Understanding Social Engineering As A Continuing Threat

As businesses seek to align with more comprehensive, aggressive, and effective security standards, it's important to remember that security threats often go for the path of least resistance. Not all hackers are egotistical programmers who just want to see their high-tech infiltration techniques succeed; with increased security (or promises of security) comes complacence that can be exploited with emails, casual conversation, a few sweet words, or just careless assumptions.

As you consider cyber attack response planning to meet DFS cyber regulation standards, consider social engineering and its continued dangers.

What Is Social Engineering?

How to Win Friends and Influence People is a famous self-help book that has become somewhat of a continuing meme of itself. Influence means a lot of things, from winning valuable allies to succeed in business and politics, to having a more fulfilling personal life, or to pulling off crimes that the defenders basically invite you to complete.

Social engineering is a term used to describe psychological manipulation. In Information Security (IS), it can be as simple as calling a company's help desk while pretending to be an employee or leader, then asking for that person's password to be reset for easy access. It could be as complicated as getting into a romantic relationship with high-level leadership to gain access to information.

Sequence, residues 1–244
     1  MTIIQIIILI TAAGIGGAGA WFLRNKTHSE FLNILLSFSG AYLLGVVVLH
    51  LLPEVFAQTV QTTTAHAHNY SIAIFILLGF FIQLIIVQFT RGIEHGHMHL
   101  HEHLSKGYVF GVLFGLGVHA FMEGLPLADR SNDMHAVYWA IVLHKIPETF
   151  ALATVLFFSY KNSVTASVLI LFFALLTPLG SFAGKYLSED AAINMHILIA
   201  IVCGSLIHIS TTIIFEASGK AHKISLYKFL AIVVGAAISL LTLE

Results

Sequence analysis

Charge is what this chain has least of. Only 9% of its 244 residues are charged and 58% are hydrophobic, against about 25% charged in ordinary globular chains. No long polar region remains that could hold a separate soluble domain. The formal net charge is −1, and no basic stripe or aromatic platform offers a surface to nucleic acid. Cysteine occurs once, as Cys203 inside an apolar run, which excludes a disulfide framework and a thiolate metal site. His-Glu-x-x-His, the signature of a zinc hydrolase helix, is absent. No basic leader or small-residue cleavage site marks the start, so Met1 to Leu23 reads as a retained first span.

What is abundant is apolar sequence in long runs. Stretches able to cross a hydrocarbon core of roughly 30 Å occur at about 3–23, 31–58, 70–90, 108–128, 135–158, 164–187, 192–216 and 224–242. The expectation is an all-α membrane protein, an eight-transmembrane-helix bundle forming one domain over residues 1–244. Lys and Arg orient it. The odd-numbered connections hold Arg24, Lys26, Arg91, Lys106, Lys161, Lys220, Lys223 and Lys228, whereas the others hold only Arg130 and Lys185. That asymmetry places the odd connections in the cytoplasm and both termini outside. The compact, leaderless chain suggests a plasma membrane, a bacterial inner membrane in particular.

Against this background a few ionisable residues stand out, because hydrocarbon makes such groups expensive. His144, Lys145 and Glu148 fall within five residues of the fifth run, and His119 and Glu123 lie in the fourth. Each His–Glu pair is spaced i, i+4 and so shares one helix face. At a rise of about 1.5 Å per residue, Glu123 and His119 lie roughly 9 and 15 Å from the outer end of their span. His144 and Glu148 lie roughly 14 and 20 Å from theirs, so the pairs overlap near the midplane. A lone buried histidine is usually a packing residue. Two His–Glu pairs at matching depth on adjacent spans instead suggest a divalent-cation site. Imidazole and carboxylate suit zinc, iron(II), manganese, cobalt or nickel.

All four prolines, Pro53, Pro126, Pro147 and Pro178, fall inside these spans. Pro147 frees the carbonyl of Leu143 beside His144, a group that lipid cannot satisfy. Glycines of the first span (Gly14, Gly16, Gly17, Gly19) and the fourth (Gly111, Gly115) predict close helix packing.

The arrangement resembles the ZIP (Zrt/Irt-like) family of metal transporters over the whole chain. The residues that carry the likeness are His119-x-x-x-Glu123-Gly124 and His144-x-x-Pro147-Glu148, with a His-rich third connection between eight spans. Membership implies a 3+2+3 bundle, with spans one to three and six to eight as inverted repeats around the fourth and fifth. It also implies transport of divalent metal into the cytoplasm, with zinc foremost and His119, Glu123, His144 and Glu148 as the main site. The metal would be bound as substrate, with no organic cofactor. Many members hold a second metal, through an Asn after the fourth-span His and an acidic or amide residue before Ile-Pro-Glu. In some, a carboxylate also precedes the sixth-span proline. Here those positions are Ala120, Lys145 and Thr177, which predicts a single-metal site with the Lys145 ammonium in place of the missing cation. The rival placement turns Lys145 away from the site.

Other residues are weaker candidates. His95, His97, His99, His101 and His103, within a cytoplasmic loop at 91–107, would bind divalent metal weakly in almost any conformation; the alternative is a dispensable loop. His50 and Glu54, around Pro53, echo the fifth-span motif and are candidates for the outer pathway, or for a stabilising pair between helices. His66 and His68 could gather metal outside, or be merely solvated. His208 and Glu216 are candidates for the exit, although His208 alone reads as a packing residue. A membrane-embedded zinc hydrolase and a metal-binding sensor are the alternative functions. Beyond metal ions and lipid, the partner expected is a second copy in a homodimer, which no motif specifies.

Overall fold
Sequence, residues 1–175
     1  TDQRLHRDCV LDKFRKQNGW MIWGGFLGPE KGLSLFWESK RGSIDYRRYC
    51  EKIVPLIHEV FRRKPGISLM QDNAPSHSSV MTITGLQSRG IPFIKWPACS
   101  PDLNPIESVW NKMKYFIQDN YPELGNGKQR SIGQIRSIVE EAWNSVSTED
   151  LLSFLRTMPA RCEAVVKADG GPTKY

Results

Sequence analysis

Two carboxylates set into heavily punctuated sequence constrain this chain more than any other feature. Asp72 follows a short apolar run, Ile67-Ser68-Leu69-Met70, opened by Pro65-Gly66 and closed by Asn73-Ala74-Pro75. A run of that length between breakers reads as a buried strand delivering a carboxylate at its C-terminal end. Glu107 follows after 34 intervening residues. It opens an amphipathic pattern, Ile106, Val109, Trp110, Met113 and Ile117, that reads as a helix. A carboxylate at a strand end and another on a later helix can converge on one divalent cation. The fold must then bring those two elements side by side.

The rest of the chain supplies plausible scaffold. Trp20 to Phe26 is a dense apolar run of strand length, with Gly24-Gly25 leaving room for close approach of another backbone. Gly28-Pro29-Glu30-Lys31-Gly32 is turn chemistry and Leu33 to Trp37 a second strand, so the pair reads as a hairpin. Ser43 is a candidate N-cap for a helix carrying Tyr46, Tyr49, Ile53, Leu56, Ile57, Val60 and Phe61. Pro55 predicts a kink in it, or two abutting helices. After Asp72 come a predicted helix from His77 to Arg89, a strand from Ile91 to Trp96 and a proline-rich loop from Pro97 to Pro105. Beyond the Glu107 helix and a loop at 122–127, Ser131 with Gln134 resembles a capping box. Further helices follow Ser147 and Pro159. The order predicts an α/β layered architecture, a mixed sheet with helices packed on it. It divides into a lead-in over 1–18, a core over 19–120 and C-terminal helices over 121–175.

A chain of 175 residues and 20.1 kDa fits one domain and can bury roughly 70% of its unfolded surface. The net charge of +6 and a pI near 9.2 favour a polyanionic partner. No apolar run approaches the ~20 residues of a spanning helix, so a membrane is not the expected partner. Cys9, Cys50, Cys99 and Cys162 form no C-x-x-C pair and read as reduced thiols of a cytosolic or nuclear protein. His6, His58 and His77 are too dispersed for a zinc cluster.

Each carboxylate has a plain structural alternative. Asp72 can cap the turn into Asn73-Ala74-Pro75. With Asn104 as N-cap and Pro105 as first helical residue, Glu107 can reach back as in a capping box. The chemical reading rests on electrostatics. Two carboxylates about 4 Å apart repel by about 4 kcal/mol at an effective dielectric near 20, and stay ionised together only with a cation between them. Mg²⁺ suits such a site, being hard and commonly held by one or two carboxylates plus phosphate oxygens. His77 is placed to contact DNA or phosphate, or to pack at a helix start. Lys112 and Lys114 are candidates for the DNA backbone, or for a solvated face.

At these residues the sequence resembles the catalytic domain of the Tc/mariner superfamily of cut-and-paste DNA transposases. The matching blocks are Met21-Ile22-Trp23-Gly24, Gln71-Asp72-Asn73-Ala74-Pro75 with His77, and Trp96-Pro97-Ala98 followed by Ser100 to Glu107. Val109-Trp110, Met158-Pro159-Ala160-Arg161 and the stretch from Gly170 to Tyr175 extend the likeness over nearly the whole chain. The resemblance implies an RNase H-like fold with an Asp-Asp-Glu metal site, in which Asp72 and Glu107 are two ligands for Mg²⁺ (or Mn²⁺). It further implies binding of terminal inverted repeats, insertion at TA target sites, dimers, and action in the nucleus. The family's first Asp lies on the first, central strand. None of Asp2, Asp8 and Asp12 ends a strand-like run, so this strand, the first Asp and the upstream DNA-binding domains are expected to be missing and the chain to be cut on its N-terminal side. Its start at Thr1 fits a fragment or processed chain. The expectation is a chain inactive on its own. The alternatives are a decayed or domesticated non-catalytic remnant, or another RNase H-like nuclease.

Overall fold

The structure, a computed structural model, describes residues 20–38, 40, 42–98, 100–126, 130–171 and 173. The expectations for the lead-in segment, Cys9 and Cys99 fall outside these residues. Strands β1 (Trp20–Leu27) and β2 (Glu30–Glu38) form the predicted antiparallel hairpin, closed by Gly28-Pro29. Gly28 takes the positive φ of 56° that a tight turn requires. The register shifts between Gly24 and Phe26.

It's spying in some cases or just trying simple things to see what works in others. To defend against social engineering, you need both training and a system of checks and balances.

Make Fake Resets Irrelevant

Employees need to verify identity before allowing access. This is not a new training point, and although your business should have training to help new--or gullible--employees avoid getting tricked, you shouldn't leave the security risk up to their integrity.

Any password resets should authenticate the specific person. For most employees, this means that the person with an affected account needs to physically visit the help desk and ask for a reset. That's a great policy, but people sneak around restrictions on a regular basis, especially when it's a high-ranking person who assumes that they're above the rules--or a frightened help desk representative who wouldn't dare argue with a high-ranking official.

Authentication can be improved with mobile devices, using two-factor authentication that must be verified by the account holder. There are ways around this, such as stealing the phone or somehow copying the phone's digital signature. To make it even harder, make sure that any password resets have logging to monitor what this suddenly reset account wants access to.

Contact a cybersecurity professional to discuss more parts of the sometimes intangible, trust-based world of social engineering protection.